Both Brocton and Portland are prosperous communities, and in them are found opportunities for self-culture through library, society and club. The fraternal orders are well represented and the mercantile establishments are in keeping with the demands made upon them.

Dr. Horace C. Taylor practiced medicine in Brocton for half a century until his death, December 21, 1903. He wrote a history of the town of Portland, which was published in 1873-an authority on town history, and has been freely drawn upon in all subsequent histories.

In 1829 the assessed valuation of real estate in the town was $99,485; in 1871, $703,815; in 1918, the full value was $3,735,387, the assessed value, $3,175,079, equalized value, $2,930,676. The population of the town in 1915 was 3,352, of whom 219 were aliens.

Portland has furnished men for every war waged by the United States since its settlement in 1812, when Col. McMahan led his Chautauqua regiment to Buffalo. Portland furnished 137 men to the army and navy during the Civil War, besides others credited elsewhere. Aid was furnished soldiers direct and through hospitals and commissions by three ladies' associations of the town-The Baptist Sewing Circle, Soldiers' Aid Society of Portland, and The Universalist Social. The Ahira Hall Memorial Library of Brocton will have attention in the special chapter on libraries.

John McMahan, the first supervisor of the old town of Chautauqua, was elected in April, 1805, 1806, 1807, meeting with the board of Genesee county at Batavia. Arthur Bell, the second supervisor, a veteran of the Revolutionary War, was elected in 1808. The first supervisor after the division of the town was elected in 1809, and was the first supervisor of the old town of Portland elected in 1814. David Eaton, the second supervisor, served from the old town of Portland in 1815, for the second town of Portland in 1816-17, and for the present town in 1833-34-35. Thomas B. Campbell was supervisor nine years, and chairman of the board 1820-25.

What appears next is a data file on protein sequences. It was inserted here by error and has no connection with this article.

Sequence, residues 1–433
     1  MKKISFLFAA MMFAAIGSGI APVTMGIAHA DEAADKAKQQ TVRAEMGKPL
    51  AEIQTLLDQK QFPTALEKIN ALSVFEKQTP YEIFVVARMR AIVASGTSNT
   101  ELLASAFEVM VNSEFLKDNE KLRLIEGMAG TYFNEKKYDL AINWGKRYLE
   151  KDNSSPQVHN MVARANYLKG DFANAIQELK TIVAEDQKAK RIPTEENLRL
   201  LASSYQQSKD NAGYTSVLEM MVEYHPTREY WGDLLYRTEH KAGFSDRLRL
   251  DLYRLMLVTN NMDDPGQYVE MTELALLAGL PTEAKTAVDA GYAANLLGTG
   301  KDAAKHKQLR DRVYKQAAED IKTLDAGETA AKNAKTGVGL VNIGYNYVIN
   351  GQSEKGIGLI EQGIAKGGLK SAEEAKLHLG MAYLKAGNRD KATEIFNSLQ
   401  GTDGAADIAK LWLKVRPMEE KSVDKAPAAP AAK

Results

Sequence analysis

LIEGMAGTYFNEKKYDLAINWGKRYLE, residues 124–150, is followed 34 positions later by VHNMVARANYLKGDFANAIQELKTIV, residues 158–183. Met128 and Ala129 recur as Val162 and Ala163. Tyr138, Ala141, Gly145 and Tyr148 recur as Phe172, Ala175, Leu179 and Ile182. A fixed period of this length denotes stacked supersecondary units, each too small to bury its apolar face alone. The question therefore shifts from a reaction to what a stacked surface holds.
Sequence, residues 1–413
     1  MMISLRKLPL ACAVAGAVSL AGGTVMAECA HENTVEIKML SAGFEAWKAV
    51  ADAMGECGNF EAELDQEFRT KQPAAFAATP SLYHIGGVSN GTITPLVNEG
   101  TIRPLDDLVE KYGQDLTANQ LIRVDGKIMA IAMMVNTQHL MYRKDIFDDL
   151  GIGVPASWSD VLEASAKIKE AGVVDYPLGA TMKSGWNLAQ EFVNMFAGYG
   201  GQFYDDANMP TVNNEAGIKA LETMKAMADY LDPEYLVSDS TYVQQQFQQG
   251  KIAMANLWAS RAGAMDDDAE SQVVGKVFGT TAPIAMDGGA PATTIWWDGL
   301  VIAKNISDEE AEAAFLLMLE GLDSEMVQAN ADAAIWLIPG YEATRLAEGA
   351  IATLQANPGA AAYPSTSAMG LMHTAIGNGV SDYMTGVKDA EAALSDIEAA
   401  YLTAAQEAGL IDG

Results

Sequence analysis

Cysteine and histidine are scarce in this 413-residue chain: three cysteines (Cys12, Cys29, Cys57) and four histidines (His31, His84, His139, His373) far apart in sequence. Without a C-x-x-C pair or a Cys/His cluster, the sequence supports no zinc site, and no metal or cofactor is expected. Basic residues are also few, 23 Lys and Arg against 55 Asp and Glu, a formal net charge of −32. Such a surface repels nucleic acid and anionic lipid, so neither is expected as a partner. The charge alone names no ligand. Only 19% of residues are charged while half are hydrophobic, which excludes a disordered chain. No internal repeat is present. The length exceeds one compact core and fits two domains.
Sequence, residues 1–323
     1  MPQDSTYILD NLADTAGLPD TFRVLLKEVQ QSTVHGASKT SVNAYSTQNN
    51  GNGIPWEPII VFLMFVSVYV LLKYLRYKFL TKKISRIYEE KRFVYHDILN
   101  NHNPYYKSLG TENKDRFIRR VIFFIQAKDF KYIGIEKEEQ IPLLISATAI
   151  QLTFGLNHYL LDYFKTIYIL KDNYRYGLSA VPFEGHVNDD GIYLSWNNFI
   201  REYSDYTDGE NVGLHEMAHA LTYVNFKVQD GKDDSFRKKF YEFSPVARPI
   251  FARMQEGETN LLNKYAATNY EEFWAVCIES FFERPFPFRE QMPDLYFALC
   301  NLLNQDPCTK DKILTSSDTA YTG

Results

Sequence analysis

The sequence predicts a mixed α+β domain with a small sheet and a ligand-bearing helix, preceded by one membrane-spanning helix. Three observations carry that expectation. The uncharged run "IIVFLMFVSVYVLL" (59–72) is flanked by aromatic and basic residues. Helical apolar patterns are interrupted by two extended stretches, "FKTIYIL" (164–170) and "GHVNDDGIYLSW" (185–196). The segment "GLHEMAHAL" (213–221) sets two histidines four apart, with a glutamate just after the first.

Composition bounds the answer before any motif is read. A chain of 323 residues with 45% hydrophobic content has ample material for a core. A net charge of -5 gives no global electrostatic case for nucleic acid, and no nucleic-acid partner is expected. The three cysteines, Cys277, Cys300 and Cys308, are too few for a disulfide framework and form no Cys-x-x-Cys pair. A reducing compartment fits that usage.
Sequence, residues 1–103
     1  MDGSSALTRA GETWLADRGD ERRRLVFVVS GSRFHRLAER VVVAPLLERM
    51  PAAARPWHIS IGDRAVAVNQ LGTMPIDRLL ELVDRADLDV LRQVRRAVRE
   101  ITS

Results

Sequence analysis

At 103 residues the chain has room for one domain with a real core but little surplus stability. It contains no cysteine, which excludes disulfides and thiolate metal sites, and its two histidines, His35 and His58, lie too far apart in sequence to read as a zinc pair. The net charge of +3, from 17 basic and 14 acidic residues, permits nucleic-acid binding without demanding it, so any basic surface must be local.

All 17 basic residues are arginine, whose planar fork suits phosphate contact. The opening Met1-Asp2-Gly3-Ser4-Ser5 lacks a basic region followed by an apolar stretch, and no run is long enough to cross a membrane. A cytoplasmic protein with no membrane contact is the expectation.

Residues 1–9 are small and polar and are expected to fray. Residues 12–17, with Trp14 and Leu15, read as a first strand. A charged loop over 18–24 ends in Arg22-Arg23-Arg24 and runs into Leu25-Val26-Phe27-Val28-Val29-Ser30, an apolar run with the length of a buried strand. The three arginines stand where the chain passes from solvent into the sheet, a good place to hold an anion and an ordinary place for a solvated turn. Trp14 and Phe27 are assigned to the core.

Supervisors-1814, Thos. Prendergast; 1815-17, David Eaton; 1818-26, Thos. B. Campbell; 1827-29, Elisha Arnold; 1830, Nath. Fay; 1831-32, Elisha Arnold; 1833-35, David Eaton; 1836, Asa Andrews; 1837-39, Timothy Judson; 1840, Asa Andrews; 1841-43, Timothy Judson; 1844, Elisha Norton; 1845, John R. Coney; 1846-47, Timothy Judson; 1848, Ebenezer Harris; 1849, Timothy Judson; 1850, Asa Blood; 1851, John R. Coney; 1852-53-54, Timothy Judson; 1855, Chas. A. Marsh; 1856, Darwin G. Goodrich; 1857, Ralph D. Fuller; 1858, Darwin G. Goodrich; 1859, Horace C. Taylor; 1860, Gurdon Taylor; 1861-62, Horace C. Taylor; 1863-64, Albert Haywood; 1865-66, Joseph B. Fay; 1867-68, Albert Eaton; 1869, Joseph E. Harris; 1870-77, Theo. S. Moss; 1878, Horace C. Taylor; 1879, J. A. H. Skinner; 1880-84, Herman J. Dean: 1885-86, Elisha H. Fay; 1887-88, Theodore C. Moss; 1888-90, Brewer D. Phillips; 1891, Aug. Blood; 1892, Brewer D. Phillips; 1893, Oscar L. Porter; 1894-97, Chas. O. Furman; 1898-99, Theodore C. Moss; 1900-1905, Charles F. Crandall; 1906-07,. William H. Pay; 1908-09, Dr. B. S. Swetland; 1910-19, Geo. R. Pettit; 1920, Charles F. Crandall.